When I was very young, my mother had a collection of 45s and an old phonograph. When my sisters and I grew bored with tormenting each other or the guinea pig that tried to hide under the playhouse to get away from us, we would haul out the little record box and turntable and fight over which song to listen to. One of my favorites was a fabulous song by Ritchie Valens called “Donna.”
I had a girl, Donna was her name.
Since she left me, I’ve never been the same.
But I love that girl. Donna, where can she be?
(You’re probably singing the refrain to yourself right now: where can she be?) Even the boys on the baseball teams that played Babe Ruth at Tates Creek High School’s field would sing “Oh, Donna,” serenading the girl who kept their stats — Donna L. I don’t know if it changed any of their batting averages for the better, but Donna would blush and seemed to enjoy the song. Need to hear the whole song for that ear worm to take full effect? Here you go:
But however much statistician Donna enjoyed the baseball players’ serenades, it was probably not as much as I enjoyed Donna Tartt’s latest novel, The Goldfinch. Oh Donna indeed. It is a masterpiece of Dickensian proportions. In fact, it may very well be Dickensian in plot, character, mood, even setting . . . but I loved it. Loved it loved it loved it. With the passion of a thousand white hot suns. From the moment Theo Decker begins the retrospective tale of his life and how he ended up in Amsterdam at Christmas; cold, alone, bored and ill, I was hooked. It’s one of those can’t-put-it-down, don’t-want-to-sleep-til-I-finish-reading books. But at 771 pages, you must, unless you speed-read and miss the gorgeous prose, or can stay up for days on end without sleep (as Theo occasionally manages to do with the help of some not-quite-legal techniques).
The goldfinch of the title is a Carel Fabritius painting and is the last experience Theo shares with the mother he adores.
“It was a small picture, the smallest in the exhibition, and the simplest: a yellow finch, against a plain, pale background, chained to a perch by its twig of an ankle. . . . Something about the neat, compact way it tucked down inside itself — its brightness, its alert watchful expression — made me think of my mother when she was small: a dark-capped finch with steady eyes.”
I am not a Dickens scholar, but I’ve read enough to recognize Donna Tartt’s use of Dickens’ types. Theo as Oliver Twist; Boris the Artful Dodger; Larry Decker, Theo’s Fagin-like father; Pippa with whom Theo falls madly in love at the age of 13, even her name a nod to Pip’s love Estella in Great Expectations; and Hobie, the genteel, gentle and good likeness of Fezziwig and the like.
The novel ranges from New York’s Park Avenue, to a desolate desert community on the outskirts of Las Vegas, to Amsterdam. It was recognized on most best of 2013 lists and my commendation is merely added to those.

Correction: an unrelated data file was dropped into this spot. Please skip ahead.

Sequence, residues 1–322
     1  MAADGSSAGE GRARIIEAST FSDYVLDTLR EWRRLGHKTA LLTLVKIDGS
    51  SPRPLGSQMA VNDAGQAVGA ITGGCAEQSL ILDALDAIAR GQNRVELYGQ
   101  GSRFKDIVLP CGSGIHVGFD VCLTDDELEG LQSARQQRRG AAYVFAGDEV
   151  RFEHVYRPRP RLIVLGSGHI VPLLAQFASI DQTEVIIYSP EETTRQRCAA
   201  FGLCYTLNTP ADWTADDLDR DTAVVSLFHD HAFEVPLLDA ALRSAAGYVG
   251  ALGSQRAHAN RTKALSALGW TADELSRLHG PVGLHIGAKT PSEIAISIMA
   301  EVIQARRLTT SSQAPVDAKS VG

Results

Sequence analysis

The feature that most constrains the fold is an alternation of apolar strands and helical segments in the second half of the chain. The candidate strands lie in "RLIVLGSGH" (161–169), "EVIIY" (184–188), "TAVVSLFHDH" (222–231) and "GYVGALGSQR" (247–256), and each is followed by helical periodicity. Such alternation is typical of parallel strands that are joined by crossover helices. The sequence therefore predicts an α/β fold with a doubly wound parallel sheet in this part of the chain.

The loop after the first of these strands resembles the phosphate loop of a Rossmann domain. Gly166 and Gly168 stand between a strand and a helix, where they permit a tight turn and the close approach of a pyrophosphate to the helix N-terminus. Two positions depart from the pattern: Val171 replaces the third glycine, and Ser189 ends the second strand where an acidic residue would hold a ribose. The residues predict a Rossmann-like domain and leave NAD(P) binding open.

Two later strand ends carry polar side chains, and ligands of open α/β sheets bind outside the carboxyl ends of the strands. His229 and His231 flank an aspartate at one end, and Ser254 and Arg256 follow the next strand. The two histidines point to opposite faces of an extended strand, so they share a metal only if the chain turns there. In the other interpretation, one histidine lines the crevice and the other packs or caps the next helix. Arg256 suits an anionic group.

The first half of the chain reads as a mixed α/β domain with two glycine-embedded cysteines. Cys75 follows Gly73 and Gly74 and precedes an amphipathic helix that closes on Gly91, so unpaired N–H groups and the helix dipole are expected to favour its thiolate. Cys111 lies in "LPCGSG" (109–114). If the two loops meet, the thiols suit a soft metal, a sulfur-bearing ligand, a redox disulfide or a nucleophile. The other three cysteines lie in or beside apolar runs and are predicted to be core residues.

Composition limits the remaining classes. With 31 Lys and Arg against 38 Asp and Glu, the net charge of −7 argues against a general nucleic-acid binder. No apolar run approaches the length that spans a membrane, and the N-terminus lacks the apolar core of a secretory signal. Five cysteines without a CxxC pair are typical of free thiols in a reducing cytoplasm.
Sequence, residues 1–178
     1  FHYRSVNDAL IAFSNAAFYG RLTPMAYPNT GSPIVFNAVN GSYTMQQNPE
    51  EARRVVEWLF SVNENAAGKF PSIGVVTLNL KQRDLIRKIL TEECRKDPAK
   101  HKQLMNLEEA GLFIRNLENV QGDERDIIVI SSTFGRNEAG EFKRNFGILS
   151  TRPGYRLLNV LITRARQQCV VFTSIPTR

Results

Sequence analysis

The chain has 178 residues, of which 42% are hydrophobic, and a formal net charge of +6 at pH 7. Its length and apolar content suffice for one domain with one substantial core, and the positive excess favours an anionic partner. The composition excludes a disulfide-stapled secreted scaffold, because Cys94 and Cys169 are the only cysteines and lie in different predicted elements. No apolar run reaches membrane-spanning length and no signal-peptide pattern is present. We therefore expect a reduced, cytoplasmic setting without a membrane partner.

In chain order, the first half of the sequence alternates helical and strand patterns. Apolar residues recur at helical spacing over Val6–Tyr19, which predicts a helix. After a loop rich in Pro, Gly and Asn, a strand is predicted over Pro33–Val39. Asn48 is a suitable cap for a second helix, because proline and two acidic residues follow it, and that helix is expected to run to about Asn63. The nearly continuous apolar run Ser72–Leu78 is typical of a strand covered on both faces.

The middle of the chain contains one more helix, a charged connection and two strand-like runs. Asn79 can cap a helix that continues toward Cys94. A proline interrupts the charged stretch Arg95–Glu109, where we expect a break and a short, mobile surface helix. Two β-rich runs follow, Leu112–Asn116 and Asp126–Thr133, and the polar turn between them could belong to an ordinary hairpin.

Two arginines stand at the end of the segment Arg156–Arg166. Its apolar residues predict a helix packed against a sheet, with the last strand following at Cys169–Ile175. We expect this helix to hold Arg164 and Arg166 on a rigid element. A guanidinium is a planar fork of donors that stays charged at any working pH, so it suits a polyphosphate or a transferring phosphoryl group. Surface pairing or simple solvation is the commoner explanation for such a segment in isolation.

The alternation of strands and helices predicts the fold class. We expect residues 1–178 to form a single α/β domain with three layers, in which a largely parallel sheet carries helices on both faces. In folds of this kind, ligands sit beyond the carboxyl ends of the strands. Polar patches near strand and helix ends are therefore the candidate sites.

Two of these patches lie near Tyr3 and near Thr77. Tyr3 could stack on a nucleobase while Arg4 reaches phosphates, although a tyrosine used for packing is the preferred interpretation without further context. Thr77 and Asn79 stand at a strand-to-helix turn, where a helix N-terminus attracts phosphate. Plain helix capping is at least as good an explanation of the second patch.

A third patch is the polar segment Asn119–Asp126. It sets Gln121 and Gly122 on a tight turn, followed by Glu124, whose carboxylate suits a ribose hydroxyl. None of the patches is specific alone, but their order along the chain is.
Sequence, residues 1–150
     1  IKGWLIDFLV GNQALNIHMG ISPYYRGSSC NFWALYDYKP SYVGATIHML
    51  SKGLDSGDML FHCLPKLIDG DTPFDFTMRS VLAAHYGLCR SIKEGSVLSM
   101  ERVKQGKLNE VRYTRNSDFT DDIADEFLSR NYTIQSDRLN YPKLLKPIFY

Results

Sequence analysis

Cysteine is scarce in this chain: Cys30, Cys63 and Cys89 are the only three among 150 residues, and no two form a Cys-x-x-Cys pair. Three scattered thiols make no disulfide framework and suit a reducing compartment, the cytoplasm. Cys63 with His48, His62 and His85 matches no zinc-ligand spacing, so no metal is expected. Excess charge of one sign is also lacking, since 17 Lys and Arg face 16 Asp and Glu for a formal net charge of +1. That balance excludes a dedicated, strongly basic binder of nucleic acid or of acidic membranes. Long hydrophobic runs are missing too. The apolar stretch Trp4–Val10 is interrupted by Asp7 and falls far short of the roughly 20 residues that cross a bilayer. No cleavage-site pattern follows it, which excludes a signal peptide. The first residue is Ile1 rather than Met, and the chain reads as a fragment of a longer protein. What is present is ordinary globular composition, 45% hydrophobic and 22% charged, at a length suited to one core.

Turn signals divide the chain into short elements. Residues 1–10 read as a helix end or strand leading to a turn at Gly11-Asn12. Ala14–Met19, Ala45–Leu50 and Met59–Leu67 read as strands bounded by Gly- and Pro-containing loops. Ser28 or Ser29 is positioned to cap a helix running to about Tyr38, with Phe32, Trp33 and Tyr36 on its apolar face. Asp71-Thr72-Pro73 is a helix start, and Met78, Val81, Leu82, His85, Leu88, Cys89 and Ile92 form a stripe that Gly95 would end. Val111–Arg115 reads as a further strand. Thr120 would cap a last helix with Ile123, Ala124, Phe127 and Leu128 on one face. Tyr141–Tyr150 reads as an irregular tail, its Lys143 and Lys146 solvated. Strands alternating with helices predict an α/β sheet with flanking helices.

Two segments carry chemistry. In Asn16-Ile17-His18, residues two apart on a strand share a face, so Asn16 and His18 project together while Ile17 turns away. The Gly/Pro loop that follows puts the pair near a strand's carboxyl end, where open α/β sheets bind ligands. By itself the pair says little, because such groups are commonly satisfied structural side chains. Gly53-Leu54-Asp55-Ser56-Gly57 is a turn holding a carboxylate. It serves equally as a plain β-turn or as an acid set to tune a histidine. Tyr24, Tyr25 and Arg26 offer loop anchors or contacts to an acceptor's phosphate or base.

Hobie is quite a cook and revels in making tea with jam and toast on occasion. Theo himself says: “dinner was the time of day I looked forward to most. . . . I’d never gotten used to the sadness of having to scrabble around to feed myself at night, sitting on the side of my bed with a bag of potato chips or maybe a dried-up container of rice left over from my dad’s carry out. By happy contrast, Hobie’s whole day revolved around dinner. Where shall we eat? Who’s coming over? What shall I cook? Do you like pot-au-feu? No? Never had it? Lemon rice or saffron? Fig preserves or apricot?”
I’m afraid the time constraints of making a perfect, French pot-au-feu (not to mention the intimidation factor) are a bit beyond my capacity for a book club meeting. But if you are in the mood, here’s a lovely Springtime Pot-Au-Feu recipe from Chocolate & Zucchini blog: http://chocolateandzucchini.com/recipes/meat-charcuterie/springtime-pot-au-feu-beef-stew-recipe/
For my book club, I would go with the hand-to-mouth existence of Theo and Boris in Las Vegas but ramp it up a notch.
Potato Chips and Dip — I mix yogurt and cottage cheese with powdered ranch dip
Individual Pizzas — buy the pre-made pizza crusts and then put out an assortment of toppings: artichoke hearts, goat cheese, turkey pepperoni, arugula, tomatoes, sun-dried tomatoes, mozzarella, diced chicken, roasted red peppers, onions.
The boys drank constantly so anything you want to serve would probably be found in the book. But I found a recipe for a cocktail called a Goldfinch and I would definitely serve those first. Here’s the recipe (YUMMY!)
What you need
1 1/2 Measures Golden Rum (British/Caribbean Rum)
2 Measures Fresh Pineapple Juice
1/2 Measure Galliano Liqueur
1 Dash Fresh Lime Juice
Add all of the ingredients except the champagne to a shaker and shake vigorously for approximately 10-12 seconds. Strain into a Collins glass filled with ice and add the Champagne. Garnish with pineapple spears and a small pineapple wedge, stir and serve.
This cocktail works equally well with fresh orange juice and/or Prosecco instead of Champagne.
Definitely the Rat Pack. Vegas baby. There’s an album recorded in 1963 called Live at the Sands that features Dean Martin, Frank Sinatra and Sammy Davis, Jr. and some of their favorite, classic songs.
This is tough because the movie sweeps through years and Theo, Boris and Pippa grow from 13 year olds to 30 year olds. As for Larry Decker my pick would be Ryan Gosling, for the washed up actor/gambling failure. Hobie, wouldn’t it be fun to see Russell Crowe play this, totally against type? Xandra, Larry’s Vegas girlfriend, Christina Hendrickson with a blonde wig would be perfection.